Serving The Community
Wednesday - April 13, 2005
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Bill Tobin and a handful of the Tiki’s Grill & Bar staff
I grew up in a small town in Nebraska called Tekamah with a population of 2,000. In a town of that size, there’s a tendency to look after each other. While I was in high school, my friends and I, with the support of various business leaders, established a youth center. It was a safe, fun place where kids of all ages, from elementary to high school, could hang out especially during the cold winter months. That was my first taste of doing something good in the community, and it felt great.
After serving in the Army, I moved to Hawaii to attend the University of Hawaii. At the UH, I belonged to the Tau Kappa Epsilon fraternity, which stressed community service projects. We did everything from cleaning the grounds at the Ronald McDonald House to clean-ups at beaches. Two of my fraternity brothers, Kelly McGill and Greg Montgomery,would later become my partners in opening Tiki’s Grill & Bar.
While waiting for Tiki’s to be built in 2002, I had some time on my hands and became a loaned executive to Aloha United Way (AUW). My main responsibility was managing the campaigns for more than 50 organizations. Before then, I didn’t know that AUW programs, directly or indirectly, touch one out of every two people in Hawaii. That’s amazing. This eight-week experience opened up my eyes to the needs in our community and fueled my passion for charitable work. I learned that lending a helping hand can truly change lives.
When Tiki’s was set to open, my partners Kelly McGill, Greg Montgomery and I believed the key to the restaurant’s success would be to give back to the community. We developed “Project Pookela,” a community-wide program that teaches Tiki’s staff the importance of being a part of the larger community by participating in philanthropic events. Our very first activity, a month before the restaurant’s opening, was taking two busloads of job applicants to the USS Missouri to polish brass, swab the decks and do other clean-up work as part of the AUW’s Day of Caring. This was followed by our grand opening events, in which Tiki’s donated all the labor, food and beverages, raising $22,500 for Aloha United Way, Shriners Children’s Transportation Fund and the Waikiki Community Center.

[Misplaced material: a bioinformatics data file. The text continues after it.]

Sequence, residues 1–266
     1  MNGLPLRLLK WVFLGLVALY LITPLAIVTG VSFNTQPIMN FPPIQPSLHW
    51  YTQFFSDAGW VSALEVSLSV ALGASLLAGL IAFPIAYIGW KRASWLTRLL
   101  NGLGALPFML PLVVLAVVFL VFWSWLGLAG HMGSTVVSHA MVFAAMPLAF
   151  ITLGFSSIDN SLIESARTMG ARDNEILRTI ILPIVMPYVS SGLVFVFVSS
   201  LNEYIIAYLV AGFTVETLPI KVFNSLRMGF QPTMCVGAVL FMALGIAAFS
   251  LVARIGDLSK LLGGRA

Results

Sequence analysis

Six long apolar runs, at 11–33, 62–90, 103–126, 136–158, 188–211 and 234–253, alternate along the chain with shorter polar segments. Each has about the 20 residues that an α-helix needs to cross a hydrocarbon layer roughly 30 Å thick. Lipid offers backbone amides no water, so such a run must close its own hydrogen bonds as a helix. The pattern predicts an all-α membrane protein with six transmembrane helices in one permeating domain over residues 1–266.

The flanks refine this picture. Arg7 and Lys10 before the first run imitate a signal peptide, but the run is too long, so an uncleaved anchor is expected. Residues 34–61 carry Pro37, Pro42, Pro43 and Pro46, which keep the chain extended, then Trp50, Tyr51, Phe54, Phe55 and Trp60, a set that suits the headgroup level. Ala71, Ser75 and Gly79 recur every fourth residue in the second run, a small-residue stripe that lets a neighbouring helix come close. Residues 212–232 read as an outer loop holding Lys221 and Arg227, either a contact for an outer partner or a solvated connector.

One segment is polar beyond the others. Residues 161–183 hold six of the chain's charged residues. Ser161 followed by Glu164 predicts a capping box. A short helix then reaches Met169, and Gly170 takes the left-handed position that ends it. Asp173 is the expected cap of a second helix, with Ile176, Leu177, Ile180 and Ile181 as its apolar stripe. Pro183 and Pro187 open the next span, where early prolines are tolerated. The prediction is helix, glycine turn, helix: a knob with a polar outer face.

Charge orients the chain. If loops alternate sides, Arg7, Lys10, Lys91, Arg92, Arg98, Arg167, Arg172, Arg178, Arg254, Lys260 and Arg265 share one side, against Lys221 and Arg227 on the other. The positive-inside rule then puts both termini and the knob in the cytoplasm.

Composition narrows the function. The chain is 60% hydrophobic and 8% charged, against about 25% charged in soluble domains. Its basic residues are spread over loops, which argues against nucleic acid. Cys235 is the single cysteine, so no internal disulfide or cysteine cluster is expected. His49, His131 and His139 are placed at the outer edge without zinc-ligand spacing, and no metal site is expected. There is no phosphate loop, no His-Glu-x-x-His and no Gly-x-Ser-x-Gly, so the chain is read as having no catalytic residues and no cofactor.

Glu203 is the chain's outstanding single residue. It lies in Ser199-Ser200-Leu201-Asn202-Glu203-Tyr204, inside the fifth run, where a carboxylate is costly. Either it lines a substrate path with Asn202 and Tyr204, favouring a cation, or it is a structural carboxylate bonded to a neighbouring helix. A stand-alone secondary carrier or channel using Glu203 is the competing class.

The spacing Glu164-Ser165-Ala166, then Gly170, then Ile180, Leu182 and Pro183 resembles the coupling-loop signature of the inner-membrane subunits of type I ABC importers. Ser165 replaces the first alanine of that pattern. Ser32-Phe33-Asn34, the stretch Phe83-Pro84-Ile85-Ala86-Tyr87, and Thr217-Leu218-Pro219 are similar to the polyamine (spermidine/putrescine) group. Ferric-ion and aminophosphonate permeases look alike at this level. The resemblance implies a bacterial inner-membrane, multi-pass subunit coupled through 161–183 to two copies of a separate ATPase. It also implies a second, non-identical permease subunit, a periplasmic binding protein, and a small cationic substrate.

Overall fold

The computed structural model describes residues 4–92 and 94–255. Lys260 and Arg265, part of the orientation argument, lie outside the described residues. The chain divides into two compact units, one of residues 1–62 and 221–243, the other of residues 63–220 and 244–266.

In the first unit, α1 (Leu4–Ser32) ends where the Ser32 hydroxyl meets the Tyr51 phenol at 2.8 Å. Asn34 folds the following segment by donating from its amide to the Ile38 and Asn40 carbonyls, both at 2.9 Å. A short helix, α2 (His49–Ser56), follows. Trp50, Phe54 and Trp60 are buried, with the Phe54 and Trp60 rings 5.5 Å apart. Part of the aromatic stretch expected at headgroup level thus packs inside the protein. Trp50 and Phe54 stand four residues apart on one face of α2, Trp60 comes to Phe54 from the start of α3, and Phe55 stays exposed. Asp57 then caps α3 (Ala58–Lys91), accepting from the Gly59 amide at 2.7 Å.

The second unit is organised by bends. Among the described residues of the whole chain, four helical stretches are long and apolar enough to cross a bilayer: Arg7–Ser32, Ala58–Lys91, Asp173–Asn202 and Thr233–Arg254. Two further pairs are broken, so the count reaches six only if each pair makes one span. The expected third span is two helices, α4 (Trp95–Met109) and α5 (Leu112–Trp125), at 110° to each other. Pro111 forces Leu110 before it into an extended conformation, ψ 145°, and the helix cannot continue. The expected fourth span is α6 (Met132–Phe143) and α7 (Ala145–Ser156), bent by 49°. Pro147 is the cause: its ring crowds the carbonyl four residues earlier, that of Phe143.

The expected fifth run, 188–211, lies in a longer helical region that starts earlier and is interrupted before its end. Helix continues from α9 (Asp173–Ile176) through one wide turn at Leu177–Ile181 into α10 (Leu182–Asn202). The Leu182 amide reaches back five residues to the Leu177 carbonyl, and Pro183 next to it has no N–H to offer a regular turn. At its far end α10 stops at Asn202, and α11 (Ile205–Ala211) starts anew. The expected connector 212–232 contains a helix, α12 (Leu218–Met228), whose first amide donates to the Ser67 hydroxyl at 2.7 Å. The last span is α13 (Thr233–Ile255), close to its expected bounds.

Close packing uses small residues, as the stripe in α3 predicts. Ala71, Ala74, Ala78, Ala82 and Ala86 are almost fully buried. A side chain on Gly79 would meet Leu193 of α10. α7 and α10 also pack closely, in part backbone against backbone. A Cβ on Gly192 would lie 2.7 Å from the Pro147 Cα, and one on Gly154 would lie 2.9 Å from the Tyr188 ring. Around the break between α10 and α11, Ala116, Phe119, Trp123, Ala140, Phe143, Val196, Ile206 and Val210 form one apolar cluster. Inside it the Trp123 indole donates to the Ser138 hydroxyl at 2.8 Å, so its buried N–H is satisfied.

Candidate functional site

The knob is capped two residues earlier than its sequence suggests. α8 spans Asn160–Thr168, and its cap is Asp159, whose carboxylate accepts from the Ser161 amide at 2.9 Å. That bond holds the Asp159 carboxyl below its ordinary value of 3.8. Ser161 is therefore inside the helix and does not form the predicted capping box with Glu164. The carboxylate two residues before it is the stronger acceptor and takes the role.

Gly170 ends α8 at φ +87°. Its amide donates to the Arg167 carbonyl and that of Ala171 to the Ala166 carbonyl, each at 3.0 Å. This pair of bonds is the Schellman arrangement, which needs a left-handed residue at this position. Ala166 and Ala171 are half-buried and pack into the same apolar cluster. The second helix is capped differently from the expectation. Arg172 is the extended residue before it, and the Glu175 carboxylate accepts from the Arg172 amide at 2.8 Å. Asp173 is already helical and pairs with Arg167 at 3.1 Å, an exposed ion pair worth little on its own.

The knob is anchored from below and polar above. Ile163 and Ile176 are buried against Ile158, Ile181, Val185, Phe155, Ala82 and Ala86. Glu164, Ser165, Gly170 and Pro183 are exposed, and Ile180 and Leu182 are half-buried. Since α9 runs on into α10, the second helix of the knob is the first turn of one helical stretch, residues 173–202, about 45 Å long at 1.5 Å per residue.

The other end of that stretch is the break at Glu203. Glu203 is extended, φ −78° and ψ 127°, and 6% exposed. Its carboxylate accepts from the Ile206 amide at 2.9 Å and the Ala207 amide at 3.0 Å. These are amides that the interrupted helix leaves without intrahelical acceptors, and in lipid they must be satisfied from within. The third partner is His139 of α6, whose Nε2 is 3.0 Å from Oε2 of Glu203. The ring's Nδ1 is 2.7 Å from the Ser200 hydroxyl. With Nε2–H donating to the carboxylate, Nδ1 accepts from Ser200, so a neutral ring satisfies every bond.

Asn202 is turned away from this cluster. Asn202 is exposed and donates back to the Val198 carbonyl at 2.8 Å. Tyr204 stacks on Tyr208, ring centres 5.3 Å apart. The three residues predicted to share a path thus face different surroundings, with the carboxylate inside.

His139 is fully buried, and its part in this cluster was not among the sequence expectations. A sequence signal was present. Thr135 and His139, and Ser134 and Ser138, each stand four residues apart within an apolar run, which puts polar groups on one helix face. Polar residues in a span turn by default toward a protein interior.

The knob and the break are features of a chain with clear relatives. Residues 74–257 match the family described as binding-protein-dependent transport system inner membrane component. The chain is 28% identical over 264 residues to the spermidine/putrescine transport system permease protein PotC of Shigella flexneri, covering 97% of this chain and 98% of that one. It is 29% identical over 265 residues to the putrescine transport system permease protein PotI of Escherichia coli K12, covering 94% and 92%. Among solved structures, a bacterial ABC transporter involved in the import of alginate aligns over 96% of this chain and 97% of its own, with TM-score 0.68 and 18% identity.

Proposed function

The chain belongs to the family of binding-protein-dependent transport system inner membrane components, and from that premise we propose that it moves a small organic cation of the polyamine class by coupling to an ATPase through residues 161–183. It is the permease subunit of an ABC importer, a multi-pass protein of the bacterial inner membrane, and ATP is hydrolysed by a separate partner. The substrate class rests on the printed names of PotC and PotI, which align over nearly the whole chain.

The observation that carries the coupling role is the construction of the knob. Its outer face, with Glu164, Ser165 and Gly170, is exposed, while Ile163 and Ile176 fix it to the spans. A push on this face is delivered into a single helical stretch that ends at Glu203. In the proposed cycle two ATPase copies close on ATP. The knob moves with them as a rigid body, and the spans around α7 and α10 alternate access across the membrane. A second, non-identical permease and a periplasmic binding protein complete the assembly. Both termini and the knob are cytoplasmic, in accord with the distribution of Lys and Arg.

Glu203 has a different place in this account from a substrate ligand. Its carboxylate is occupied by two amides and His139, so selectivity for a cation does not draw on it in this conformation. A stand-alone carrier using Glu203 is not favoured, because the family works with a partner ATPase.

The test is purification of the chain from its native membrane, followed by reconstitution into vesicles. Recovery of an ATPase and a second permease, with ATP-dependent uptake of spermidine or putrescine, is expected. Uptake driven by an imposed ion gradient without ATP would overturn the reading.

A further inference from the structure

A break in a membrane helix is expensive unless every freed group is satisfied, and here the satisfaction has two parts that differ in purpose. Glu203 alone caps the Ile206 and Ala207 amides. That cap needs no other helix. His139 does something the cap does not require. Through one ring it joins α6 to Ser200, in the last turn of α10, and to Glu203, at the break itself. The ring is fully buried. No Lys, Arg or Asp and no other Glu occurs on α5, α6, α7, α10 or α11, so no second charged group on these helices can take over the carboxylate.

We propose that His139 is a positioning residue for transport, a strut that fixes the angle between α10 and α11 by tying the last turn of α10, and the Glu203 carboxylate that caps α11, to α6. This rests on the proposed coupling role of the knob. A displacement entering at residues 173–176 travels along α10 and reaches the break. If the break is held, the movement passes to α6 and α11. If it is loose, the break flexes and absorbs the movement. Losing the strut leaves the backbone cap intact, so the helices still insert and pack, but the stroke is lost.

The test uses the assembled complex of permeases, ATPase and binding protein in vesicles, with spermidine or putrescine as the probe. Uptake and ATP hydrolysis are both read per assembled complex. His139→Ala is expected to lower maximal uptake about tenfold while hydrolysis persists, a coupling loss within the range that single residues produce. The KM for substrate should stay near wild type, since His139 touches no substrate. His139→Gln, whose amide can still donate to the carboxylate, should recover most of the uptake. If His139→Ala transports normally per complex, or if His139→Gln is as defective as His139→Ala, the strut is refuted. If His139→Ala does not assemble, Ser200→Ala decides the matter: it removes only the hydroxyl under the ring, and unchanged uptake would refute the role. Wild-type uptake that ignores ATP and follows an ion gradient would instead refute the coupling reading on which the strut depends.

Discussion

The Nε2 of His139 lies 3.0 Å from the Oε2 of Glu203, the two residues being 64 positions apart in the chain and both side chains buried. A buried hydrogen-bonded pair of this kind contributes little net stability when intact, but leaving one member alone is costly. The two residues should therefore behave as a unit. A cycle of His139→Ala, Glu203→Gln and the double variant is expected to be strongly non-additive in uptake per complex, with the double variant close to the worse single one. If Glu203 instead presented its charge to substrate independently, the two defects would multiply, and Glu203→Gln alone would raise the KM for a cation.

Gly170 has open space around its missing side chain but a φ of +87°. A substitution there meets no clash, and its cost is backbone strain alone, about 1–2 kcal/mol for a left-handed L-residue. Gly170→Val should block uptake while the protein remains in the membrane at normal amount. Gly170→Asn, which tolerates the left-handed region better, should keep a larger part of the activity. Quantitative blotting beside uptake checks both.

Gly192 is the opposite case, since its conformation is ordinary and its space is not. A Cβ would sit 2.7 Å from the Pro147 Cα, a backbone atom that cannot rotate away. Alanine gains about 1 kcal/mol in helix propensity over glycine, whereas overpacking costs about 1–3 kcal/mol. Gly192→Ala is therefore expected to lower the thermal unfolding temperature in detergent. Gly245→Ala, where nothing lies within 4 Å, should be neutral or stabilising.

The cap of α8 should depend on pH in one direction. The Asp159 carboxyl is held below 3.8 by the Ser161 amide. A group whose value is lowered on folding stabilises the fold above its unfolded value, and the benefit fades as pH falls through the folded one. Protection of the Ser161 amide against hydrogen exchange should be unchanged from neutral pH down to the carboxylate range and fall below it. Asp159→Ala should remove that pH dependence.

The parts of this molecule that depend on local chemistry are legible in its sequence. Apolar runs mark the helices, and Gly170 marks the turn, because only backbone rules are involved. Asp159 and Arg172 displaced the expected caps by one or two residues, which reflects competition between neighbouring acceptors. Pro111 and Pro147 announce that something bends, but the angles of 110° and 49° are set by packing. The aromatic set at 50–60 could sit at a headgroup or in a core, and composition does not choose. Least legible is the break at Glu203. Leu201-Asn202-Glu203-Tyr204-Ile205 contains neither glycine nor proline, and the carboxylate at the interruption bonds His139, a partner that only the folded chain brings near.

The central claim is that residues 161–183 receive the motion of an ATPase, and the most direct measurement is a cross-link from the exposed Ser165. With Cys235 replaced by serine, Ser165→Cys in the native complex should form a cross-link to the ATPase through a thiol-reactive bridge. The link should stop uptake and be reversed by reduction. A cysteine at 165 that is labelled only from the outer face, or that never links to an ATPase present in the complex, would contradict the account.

As part of Project Pookela, our employees are committed to perform at least one community service project each month. I’m proud to say that this program is still very much a part of our corporate culture in our third year of business. Activities range from blood drives, beach clean-ups and Christmas gift collections for shelters for abused women and children, to participation in a variety of events for the American Red Cross, Carole Kai Charities, Easter Seals Hawaii, Foodbank of Hawaii, Hawaii Hotel Association, among other nonprofit organizations.
Since October 2002, Tiki’s has donated more than $72,000 in monetary and in-kind donations and 3,200 employee hours back to the community. While we don’t do this for the glory, we were very honored to be recognized with the Hawaii Restaurant Neighbor Award” by the National Restaurant Association and the AUW’s Best First Time Campaign” in 2003.
Today Tiki’s employs some 180 people. We’re in the service business, so that’s a good reason to serve the community. Another reason is purely personal. I’ve made Hawaii my home, and I’ve thankful to everyone for accepting me. This is my way to give back and help strengthen the future of Hawaii for my son Toby.
I believe that if you can make positive impact in one person’s life, you can make a world of a difference. Serving the community can change the lives of many people. Together, we can help change the world.
Next week: Stephen Kula, executive director of The Arc in Hawaii
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